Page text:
Secretary Michael R. Pompeo
At the Cyprus Center for Land, Open-seas, and Port Security
Memorandum of Understanding Signing Ceremony
September 12, 2020
Nicosia, Republic of Cyprus
SECRETARY POMPEO: Thank you. Thank you and good evening. Happy Saturday evening to everyone. President Anastasiades, we had a great meeting. Thank you so much for hosting me. Our conversations reflected a robust, growing diplomatic, security, and economic partnership between the United States of America and the Republic of Cyprus. We’re proud to cultivate ties with nations that share our values.
I daresay that our relationship has never been better, and I am proud of that. As just one example, security cooperation between our two countries is growing. On September 1st I announced the decision to temporarily waive export controls on direct commercial sales of non-lethal defense articles and services for the Republic of Cyprus, and in July we invited Cyprus to participate in our military training program known as IMET. That’s a big deal and it’s great. We’ll welcome your service members.
Today the foreign minister and I just signed an MOU to create a new training center to be funded by the United States and built here in Cyprus. It will provide expertise for the rest of the region on border security and nonproliferation. It will be known as the Cyprus Center for Land, Open-seas, and Port Security, or CYCLOPS. Well done, very clever.
Security cooperation matters all the more as we see nations which don’t share our values trying to obtain new footholds in the region. To that end, I raised the United States concern over Russia’s money-laundering activities and its regular port calls here. We know that all the Russian military vessels that stop in Cypriot ports are not conducting humanitarian missions in Syria, and we asked to consider – we asked Cyprus and the president to consider our concerns.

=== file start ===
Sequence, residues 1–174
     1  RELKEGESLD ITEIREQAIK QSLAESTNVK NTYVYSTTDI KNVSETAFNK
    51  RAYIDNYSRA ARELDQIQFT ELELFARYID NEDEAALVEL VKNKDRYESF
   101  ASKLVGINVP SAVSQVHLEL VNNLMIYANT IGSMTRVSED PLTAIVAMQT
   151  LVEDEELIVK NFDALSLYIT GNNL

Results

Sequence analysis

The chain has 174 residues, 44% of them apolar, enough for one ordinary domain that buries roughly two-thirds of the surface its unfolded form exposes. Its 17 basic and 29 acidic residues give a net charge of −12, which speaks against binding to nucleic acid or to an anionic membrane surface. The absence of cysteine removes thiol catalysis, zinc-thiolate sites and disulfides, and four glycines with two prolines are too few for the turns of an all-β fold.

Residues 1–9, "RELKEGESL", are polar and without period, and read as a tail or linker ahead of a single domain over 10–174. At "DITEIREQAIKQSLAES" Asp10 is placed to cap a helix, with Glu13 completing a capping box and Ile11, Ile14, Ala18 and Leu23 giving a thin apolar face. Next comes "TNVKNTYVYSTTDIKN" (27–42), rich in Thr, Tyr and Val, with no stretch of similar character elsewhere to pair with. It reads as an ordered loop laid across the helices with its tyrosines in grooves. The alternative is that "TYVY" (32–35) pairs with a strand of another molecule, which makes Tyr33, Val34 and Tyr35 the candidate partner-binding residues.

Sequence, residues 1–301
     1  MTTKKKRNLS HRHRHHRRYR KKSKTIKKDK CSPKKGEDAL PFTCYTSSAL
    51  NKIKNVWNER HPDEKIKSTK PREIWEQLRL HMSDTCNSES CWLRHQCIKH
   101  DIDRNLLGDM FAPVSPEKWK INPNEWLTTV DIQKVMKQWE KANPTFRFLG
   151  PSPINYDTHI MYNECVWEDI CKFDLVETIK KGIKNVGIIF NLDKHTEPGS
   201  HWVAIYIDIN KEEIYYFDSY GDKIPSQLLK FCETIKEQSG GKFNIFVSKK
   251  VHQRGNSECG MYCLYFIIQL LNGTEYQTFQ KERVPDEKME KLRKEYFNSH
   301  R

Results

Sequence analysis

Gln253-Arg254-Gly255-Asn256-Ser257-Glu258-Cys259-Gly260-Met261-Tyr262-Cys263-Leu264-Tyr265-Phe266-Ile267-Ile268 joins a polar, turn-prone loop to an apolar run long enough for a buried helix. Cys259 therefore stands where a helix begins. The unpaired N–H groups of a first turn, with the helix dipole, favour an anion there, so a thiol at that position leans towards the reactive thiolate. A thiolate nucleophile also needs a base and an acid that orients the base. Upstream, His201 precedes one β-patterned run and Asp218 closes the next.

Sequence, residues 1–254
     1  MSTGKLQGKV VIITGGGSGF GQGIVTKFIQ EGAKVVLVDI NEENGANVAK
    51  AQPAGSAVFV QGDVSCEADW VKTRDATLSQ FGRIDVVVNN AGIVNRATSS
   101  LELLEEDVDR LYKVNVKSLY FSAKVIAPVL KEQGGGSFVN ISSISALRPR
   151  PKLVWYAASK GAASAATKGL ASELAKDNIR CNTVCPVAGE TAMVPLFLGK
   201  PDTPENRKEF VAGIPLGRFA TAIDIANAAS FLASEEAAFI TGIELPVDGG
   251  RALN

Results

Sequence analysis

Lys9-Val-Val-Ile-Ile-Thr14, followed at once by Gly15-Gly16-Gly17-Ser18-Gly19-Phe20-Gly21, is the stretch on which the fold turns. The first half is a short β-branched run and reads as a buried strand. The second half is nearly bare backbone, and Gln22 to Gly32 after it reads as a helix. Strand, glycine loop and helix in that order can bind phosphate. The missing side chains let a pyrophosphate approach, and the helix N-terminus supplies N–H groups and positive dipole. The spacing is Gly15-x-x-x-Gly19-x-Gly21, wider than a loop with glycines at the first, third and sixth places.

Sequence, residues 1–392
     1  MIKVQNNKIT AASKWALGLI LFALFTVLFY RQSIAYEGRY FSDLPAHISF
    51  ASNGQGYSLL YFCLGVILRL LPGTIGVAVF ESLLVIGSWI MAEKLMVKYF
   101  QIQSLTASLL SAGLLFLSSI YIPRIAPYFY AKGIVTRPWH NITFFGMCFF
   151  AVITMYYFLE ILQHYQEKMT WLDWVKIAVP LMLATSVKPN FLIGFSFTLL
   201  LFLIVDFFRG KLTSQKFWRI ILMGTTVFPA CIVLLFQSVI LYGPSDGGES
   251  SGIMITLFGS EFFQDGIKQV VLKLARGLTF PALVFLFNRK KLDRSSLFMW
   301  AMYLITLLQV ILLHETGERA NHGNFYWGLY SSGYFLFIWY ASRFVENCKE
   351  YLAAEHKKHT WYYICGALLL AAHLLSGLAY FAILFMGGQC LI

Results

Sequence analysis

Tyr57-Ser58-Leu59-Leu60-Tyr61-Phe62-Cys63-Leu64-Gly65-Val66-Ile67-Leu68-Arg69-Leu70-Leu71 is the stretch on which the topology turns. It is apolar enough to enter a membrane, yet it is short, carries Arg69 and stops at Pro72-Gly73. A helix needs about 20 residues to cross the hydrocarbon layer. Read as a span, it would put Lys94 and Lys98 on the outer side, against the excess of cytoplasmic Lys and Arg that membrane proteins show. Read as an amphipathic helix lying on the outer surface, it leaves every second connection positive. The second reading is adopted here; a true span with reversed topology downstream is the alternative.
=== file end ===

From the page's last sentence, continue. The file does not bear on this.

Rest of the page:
Of course, I also heard from the president the Republic of Cyprus’ perspective on challenges in the Eastern Mediterranean related to energy exploration and development, which he spoke of just a minute ago. I reiterated that President Trump has spoken with both President Erdogan and with Prime Minister Mitsotakis already.
Countries in the region need to resolve disagreements – including on security and energy, resource and maritime issues – diplomatically and peacefully. Increased military tensions help no one but adversaries who would like to see division in transatlantic unity. Energy in the Eastern Mediterranean has an ability to bring states together. Regional cooperation is absolutely necessary for durable energy security, the creation of new markets, and economic prosperity in the Eastern Mediterranean.
We remain deeply concerned by Turkey’s ongoing operations surveying for natural resources in areas over which Greece and Cyprus assert jurisdiction in the Eastern Mediterranean. The Republic of Cyprus has the right to exploit its natural resources, including the right to hydrocarbons found in its territorial sea and its economic – exclusive economic zone.
We also believe that the resources of Cyprus should be shared equitably among the Greek Cypriots and Turkish Cypriots communities.
Finally, the United States continues to support a comprehensive settlement to reunify the island as a bi-zonal, bi-communal federation which would benefit all Cypriots as well as the wider region.
Mr. President, thank you for hosting me. God bless you. I hope you have a wonderful rest of your Saturday night.